Kodiak Fur Get Serious With New EP A Cool Machine
Kodiak Fur is taking its sound more seriously on new EP A Cool MAchine, out now on Rear View Records.
Arturo Rafael Macias
Being a Kodiak Fur fan is an exercise in patience. The moody foursome released its first EP in 2012, performed a couple shows — one downtown at what was then known as the Vagabond — and then promptly fell off the face of the Earth.
“When we first started working together, we didn't really have any goals,” says the band's de facto ringleader Steven Sanz. He focuses on the backbone beat of the songs, while Albert Vargas fleshes each track out with lyrics, with additional input from Zues Muñoz and Christopher Thomas. “People were pushing for more releases, but we didn't know where our sound was going.”
The band re-emerged suddenly in 2015 with a follow-up EP and a performance at III Points. What had started as a halfhearted little side project was now a focused, heightened experience. These days, Kodiak Fur is a well-oiled, cool machine. So it's fitting that the band's latest EP is titled just that, A Cool Machine, the first single from which, “I'll Be Waiting,” could be a nod to the band's own fanbase.
“I think we've matured a lot,” Sanz says. “The sound at first was very video game-ish. Everything was really up-tempo and fun. Now, we're taking the songs a little more serious. We're really trying to formulate full songs and really express ourselves through the music this time around.”
A Cool Machine is dark, brooding, and sensual. It's cold and mechanical, full of electronic drums and trembling, high-pitched synths, but it's also soulful, like a long stare out the window of a moving car. It marks the band's first time collaborating with outside producers, featuring the sonic touches of fellow Miamians Pazmal and LTENGHT's SKUFLE.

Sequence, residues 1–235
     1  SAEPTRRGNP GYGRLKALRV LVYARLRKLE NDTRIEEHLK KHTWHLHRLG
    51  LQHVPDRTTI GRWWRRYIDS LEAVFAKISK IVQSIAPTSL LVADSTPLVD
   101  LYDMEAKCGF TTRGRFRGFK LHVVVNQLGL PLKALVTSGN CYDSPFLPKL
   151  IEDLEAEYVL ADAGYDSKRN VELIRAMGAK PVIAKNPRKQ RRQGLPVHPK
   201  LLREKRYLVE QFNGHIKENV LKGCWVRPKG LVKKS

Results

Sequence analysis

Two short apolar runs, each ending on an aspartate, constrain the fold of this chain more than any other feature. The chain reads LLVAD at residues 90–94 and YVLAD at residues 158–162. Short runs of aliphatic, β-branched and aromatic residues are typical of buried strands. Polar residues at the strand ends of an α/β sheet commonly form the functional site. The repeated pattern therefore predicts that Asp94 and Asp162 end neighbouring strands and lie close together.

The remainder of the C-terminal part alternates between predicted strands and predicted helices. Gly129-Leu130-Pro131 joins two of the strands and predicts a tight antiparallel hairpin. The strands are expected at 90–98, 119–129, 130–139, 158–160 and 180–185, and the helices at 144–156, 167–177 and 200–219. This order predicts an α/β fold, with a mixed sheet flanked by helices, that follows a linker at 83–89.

The EP's four tracks represent the first half in a rather cohesive 8-track composition. Originally, the thought was a full-length album, but then the band decided it made more sense to break the project into two corresponding EPs.
It was easy to separate. Composed over a year — the first half written in six months, the second half written in the next — both sections were written and recorded in different software programs, but both capture a similar vibe and emotion. A Cool Machine will soon be followed by A Robot Feeling, both titles torn from a single lyric on the track “Right Now.”
The lyrics means something different to everyone in the band. Vargas, of course, wrote the words about his own personal experience.
“He's a very cold-face dude,” Sanz says. “You can't read his emotions when you're looking at him. He's a very serious person, and that's how he's approached a lot of things.”
For Sanz, it's more a reflection of the band as a whole.
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“Our work process is very mechanical. We have a formula that naturally developed, and it works for us,” he says. “We have this chemistry. Even if we're not in the same room together, it just works. We send each other ideas back and forth, and that's how our songs come together. When we're all working on stuff individually, we're all still present at the same time. It's a cool machine. It's an effortless thing.”
Just because Kodiak Fur is taking things more seriously as a band doesn't mean each member has let personal projects fall to the wayside. It's just that each of those side projects brings the band up as a whole. Thomas is a shirt designer, and he's in charge of the band's merch. Muñoz works with film and handles most of the band's video direction. Vargas has a solo musical project called Death in Saturn, and Sanz just got off the road touring as the main producer behind musical artist Steven A. Clark. These side hustles keep their chops fresh, as Sanz sees it, but right now, it's Kodiak Fur season — for real this time.
“I don't want people to give up on us,” Sanz says. “I'm a quality-over-quantity type of person. I know here in Miami to stay relevant, you always have to be in peoples' faces, but that's just not us. I hope people can appreciate us for what we are.”
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